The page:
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Re: [ontolog-forum] intangibles (was RE: Why most classifications are fu

To: ontolog-forum@xxxxxxxxxxxxxxxx
From: "John F. Sowa" <sowa@xxxxxxxxxxx>
Date: Sat, 06 Aug 2011 10:14:33 -0400
Message-id: <4E3D4C49.5050103@xxxxxxxxxxx>
Rich,    (01)

We were talking about different issues.    (02)

> But it looks like we simply can't and won't reach agreement
> on this issue of subjectivity in interpretation...    (03)

There are three important issues that are worth discussing, but
they should be kept distinct when we're trying to analyze them:    (04)

  1. The technical question about how modal logic is related
     to possible worlds and/or possible models of the world.    (05)

  2. The philosophy of science about the nature of physical laws,
     and the criteria for accepting a hypothesis as a law.    (06)

  3. The psychological and sociological issues about how scientists
     and engineers do their work and reach their conclusions.    (07)

In this thread, I was focusing on #1, and you were talking about #3.    (08)

I do have a great deal of sympathy for your points about how
engineers go about their work.  That has an enormous effect
on which models they choose to develop and apply to a project.
But it doesn't affect how those models are related to the logic.    (09)

> I still think Peirce did not go far enough in formulating
> multiple observers, i.e., multiple viewers of the same sign,
> each seeing it in distinct ways, and reaching distinct
> conclusions...    (010)

That is a separate issue about the history of the philosophy
of #1, #2, and #3 and Peirce's positions about them.    (011)

In his work at the US Coast and Geodetic Survey, CSP went on
an expedition to observe a total eclipse of the sun, which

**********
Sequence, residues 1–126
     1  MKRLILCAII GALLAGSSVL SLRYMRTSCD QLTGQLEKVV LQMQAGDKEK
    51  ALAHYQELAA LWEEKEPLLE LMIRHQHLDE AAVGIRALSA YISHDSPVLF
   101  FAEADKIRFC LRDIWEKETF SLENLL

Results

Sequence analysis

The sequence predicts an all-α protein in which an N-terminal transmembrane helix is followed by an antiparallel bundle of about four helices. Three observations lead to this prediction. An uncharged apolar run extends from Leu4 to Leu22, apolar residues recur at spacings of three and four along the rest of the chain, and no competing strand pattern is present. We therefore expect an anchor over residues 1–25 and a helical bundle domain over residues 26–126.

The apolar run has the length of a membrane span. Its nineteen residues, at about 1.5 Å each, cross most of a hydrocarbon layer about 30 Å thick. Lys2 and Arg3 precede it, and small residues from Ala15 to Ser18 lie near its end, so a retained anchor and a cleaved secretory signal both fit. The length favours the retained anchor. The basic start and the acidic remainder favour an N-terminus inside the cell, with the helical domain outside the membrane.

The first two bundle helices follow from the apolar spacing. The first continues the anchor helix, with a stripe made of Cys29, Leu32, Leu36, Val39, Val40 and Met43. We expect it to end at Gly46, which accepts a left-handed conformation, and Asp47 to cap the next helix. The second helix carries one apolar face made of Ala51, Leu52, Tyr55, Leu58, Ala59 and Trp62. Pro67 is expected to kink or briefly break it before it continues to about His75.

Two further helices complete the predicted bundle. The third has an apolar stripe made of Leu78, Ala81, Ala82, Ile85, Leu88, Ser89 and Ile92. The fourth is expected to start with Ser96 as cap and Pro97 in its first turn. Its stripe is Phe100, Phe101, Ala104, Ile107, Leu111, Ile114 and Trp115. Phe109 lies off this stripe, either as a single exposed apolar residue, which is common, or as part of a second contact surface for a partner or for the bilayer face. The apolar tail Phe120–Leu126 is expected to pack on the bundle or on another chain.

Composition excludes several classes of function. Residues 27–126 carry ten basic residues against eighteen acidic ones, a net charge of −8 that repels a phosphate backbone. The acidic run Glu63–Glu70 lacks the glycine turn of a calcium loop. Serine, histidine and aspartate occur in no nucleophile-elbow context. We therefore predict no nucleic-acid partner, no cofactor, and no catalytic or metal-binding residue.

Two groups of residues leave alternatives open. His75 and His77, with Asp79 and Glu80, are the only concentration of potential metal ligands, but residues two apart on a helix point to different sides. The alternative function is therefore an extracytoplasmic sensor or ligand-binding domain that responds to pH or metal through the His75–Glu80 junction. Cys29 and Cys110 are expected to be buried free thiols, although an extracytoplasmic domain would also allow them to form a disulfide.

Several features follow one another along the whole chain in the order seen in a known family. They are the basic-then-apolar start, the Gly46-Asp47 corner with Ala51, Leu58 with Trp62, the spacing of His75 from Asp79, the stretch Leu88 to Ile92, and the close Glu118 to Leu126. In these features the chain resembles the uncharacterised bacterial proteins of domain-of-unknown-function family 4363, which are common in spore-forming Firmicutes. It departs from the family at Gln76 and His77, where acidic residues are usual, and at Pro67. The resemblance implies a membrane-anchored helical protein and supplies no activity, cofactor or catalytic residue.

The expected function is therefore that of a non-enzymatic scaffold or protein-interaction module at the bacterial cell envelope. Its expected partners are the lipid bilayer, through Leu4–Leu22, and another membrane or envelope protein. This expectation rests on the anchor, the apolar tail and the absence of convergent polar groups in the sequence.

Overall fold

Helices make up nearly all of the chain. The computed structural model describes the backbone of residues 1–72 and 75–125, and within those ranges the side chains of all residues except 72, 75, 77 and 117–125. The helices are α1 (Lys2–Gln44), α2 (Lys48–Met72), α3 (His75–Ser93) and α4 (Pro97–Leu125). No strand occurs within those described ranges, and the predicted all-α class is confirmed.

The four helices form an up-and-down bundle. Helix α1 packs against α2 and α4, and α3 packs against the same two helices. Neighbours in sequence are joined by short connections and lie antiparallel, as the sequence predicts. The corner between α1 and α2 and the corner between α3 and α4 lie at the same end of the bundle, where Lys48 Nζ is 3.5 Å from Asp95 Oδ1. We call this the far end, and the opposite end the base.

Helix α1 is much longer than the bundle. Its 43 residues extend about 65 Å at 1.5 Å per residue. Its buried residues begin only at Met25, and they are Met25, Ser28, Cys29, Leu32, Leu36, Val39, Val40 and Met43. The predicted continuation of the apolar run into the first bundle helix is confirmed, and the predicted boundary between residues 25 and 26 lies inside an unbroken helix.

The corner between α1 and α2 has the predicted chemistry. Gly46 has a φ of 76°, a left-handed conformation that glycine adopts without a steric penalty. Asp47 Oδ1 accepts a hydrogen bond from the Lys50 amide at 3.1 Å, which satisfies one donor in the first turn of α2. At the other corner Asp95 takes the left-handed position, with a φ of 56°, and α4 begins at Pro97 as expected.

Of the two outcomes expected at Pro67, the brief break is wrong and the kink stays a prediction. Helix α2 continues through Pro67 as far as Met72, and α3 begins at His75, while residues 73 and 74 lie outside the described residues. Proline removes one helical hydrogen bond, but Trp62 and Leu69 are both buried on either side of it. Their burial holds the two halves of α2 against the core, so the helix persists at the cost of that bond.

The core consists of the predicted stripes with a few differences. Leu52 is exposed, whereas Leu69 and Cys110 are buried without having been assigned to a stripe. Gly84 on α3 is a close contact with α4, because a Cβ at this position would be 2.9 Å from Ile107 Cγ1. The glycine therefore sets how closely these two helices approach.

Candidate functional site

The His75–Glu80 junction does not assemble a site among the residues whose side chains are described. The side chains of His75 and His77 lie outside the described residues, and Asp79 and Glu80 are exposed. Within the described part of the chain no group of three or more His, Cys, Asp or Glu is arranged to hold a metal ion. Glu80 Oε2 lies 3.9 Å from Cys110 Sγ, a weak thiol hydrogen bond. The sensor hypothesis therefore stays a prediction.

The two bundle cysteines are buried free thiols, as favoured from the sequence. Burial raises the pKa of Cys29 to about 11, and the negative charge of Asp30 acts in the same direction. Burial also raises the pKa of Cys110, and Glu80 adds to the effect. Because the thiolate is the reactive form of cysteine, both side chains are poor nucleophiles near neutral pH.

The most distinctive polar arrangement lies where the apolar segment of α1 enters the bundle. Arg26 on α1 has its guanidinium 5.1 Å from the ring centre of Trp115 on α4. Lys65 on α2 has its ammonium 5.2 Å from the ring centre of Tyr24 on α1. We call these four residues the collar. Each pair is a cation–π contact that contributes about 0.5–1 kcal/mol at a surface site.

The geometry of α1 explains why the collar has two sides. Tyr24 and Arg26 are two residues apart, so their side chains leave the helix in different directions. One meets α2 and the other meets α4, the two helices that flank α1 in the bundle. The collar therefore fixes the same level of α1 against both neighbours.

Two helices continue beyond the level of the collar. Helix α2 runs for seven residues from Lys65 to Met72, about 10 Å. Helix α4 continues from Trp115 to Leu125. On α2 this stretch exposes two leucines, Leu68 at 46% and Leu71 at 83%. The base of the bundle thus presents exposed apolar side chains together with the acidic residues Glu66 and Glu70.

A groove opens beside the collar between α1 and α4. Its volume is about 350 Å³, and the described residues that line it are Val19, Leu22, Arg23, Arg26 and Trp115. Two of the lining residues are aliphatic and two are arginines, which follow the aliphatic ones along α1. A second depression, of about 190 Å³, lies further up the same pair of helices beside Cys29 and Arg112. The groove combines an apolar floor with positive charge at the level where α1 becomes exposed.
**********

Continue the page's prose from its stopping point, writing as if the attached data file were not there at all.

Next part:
crossed southern Europe.  In that project, it struck him how
scientists from different nations collaborated -- gathering
as much information as possible about the same subject from
different points of view using different instruments.    (012)

That led him to make some of the earliest remarks about how
science was shifting from independent experiments by lonely
experimenters to international collaboration on major projects.    (013)

In his modal logic, CSP also distinguished five different kinds
of modalities.  In his existential graphs, he used different
colors to represent them (he had a box of colored pencils):    (014)

  1. Logical possibility.  A proposition p is possible iff it is not
     provably false.  Impossible means inconsistent or provably false.    (015)

  2. Subjective possibility.  ◊p would mean that p is believable or
     not known to be false.  This interpretation is now called
     epistemic logic.    (016)

  3. Objective possibility.  ◊p would mean that p is physically
     possible according to the laws of nature.    (017)

  4. Interrogative mood.  ◊p would mean that p is questioned.
     The equivalent of necessity would mean that p is not
     questionably false.  Peirce related this modality to the
     method of inquiry in his philosophy of science.    (018)

  5. Social possibility.  ◊p would mean that p is free or permissible.
     The equivalent of necessity would mean that p is commanded --
     i.e., obligatory or not permissibly false. ~◊p would mean that
     p is not permissible or illegal, and ◊~p would mean that p is
     permissibly false. This interpretation is now called deontic logic.    (019)

In the following article, I discuss some issues in epistemic logic
and relate them to Peirce's modalities:    (020)

    http://jfsowa.com/pubs/5qelogic.pdf    (021)

John    (022)

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